Microsoft brings back Windows 7 Family Pack -- that's three Home Premium licenses for $150

As marketing tactics go, Microsoft's Windows 7 Family Pack revival is shrewdly timed. That's right, Family Pack is back -- and for a limited time. According to Microsoft's Windows Blog, "while supplies last," whatever that means. Microsoft is drumming the public relations ahead of October 22nd global availability, when consumers can grab a box with three Windows 7 Home Premium licenses for about 150 bucks. The software deal already is available in the United States direct from Microsoft or from "select" retailers.

The reasons aren't rocket science for the timing, one of which Microsoft's blog post hints at -- Windows Live Essentials 2011, which officially released late last week. "Upgrading to Windows 7 from Windows XP also lets you take advantage to one of all the benefits of the new Windows Live Essentials 2011," Ashley Brown blogs. "Windows Live Essentials is a free suite of software designed to complete your Windows 7 experience." It's a marketing pitch but also an admission: Windows Live Essentials 2011 requires Windows 7 or Vista. XP users aren't allowed.

The new Essentials is really about Windows 7, but the majority of PCs run Windows XP, and as Betanews and others in the industry have noted, the XP-to-7 upgrade process can be painful (users must backup XP files, clean install Windows 7 and restore files to the new operating system). If Microsoft wants big numbers of Essentials downloads (for free software), more customers need to be running Windows 7 (or Vista); hence, one reason for the promotion's timing.

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"Windows Live Essentials needs to find some way to connect with consumers as they are revisting their computer presence," Stephen Baker, NPD's vice president of industry analysis told me this morning,. I'll add something else: Microsoft needs to extend the Windows 7 experience with add-ons it no longer includes in the box. I'm convinced that if not for Microsoft's antitrust troubles on two continents, the features included in Windows Live Essentials -- and more -- would be included with the operating system.

I see Windows Phone 7, which is scheduled to launch one week from today, to be another reason for the promotion. Baker disagreed. "I don't think the Windows Phone is at all related." In the larger scheme of sales, he's probably right. But from a marketing perspective I see purpose, particularly now with Windows Phone 7 Microsoft will finally have a complete three-screen strategy. The company has talked three screens -- PCs, TVs and cell phones -- for years, but with one of them sorely missing.

Early holiday sales is another reason for the promotion's timing. I asked Baker about that. It's "obviously timed for the holidays," he agreed. "They need to keep the momentum on Windows 7 upgrades going." However, Baker questions how many more software upgrades Microsoft can squeeze out of the huge Windows XP install base and smaller Vista one. "It is good but I think I would prefer to see them deliver more focus against Windows 7 PCs. The need is still to upgrade XP machines and that is a hardware play. While I am sure that there are still Vista dominated households out there obviously a lot fewer than there were at launch."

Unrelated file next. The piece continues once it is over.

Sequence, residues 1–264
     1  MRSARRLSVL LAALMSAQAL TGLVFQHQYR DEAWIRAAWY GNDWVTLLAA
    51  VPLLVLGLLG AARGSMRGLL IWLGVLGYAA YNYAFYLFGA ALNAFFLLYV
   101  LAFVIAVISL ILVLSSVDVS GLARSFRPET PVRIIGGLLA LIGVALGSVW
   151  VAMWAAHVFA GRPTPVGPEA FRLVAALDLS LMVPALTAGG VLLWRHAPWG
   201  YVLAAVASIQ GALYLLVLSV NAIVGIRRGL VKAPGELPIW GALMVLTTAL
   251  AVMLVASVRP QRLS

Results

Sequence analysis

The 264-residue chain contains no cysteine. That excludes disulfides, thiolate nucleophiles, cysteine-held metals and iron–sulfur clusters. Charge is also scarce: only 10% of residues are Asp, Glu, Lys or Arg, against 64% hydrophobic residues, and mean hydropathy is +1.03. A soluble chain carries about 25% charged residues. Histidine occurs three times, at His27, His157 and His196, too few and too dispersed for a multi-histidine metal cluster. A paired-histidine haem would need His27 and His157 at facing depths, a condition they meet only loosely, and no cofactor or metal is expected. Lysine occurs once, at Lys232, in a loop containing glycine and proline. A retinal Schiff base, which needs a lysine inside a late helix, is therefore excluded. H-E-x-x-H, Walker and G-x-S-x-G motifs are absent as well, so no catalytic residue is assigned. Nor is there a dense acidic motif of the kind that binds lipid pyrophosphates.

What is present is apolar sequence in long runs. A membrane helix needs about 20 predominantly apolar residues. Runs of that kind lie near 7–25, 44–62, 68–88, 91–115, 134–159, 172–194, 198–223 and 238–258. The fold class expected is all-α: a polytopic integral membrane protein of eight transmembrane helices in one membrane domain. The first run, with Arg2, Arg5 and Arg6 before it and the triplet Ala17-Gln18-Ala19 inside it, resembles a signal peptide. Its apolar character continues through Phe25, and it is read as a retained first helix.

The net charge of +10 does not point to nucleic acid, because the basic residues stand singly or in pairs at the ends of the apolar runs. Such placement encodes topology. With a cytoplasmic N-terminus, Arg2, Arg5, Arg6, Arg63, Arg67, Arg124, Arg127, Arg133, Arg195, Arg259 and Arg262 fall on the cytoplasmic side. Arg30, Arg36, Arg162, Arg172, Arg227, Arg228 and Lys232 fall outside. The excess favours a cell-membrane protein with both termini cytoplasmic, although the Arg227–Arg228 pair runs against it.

That said, there's reasonable question to ask: Will Windows 7 Family Pack even be available for the holidays? Microsoft introduced the software for Windows 7's launch, which perhaps not coincidentally was Oct. 22, 2009. So-o-o-o-o, one year later, the Family Pack returns, setting the stage for the same early exit. Microsoft sold out -- I say pulled -- the software at the start of last year's holiday sales season. "I've got a new spelling for 'Scrooge.' M-i-c-r-o-s-o-f-t," I blogged on Dec. 5, 2009. The point: Do take that "while supplies last" seriously.

Countries where the Family Pack will be available, according to Microsoft:

United States, Canada, UK, France, Germany, China, Russia, Austria, Belgium, Denmark, Finland, Iceland, Ireland, Italy, Luxembourg, Netherlands, Norway, Portugal, Spain, Sweden, Switzerland, Czech Republic, Estonia, Greece, Hungary, Slovakia, Bahrain, Kuwait, Oman, Qatar, Saudi Arabia, UAE, Australia, Korea, New Zealand, Singapore, Hong Kong, Taiwan, Brazil, Bulgaria, Croatia, Latvia, Lithuania, Mexico, Romania and Ukraine.

I would be remiss if writing about Microsoft without mentioning Apple; otherwise what would some Betanews commenters have to scold me about? Apple offers many Family Packs -- iLife, iWork and Mac OS X, for example. The Mac OS X 10.6 (aka "Snow Leopard") Family Pack upgrade is a helluva bargain at $49 for five licenses and no product activation required. That makes Snow Leopard Family Pack a much better bargain for Mac owners moving from Leopard (which is comparable to Vista upgraders going to Windows 7). That said, Snow Leopard appears to be more anomaly pricing. There are indications that Apple will raise pricing to pre-Mac OS X 10.6 Family Pack pricing when the next version releases.

As for Windows 7 Family Pack's revival, limited time is simply too limited for some Microsoft customers. In comments to my late-December 2009 post "Hey, Microsoft, Betanews readers have some 2010 advice for you," Robert Kegel wrote: "MS has to bring back the Windows Family Pack for good. This should be something they shouldn't have gotten rid of in the first place. It doesn't have to be any cheaper than it was, but it should be brought back for good."

Do you agree? Should Microsoft bring back the Family Pack for good? Please answer in comments.

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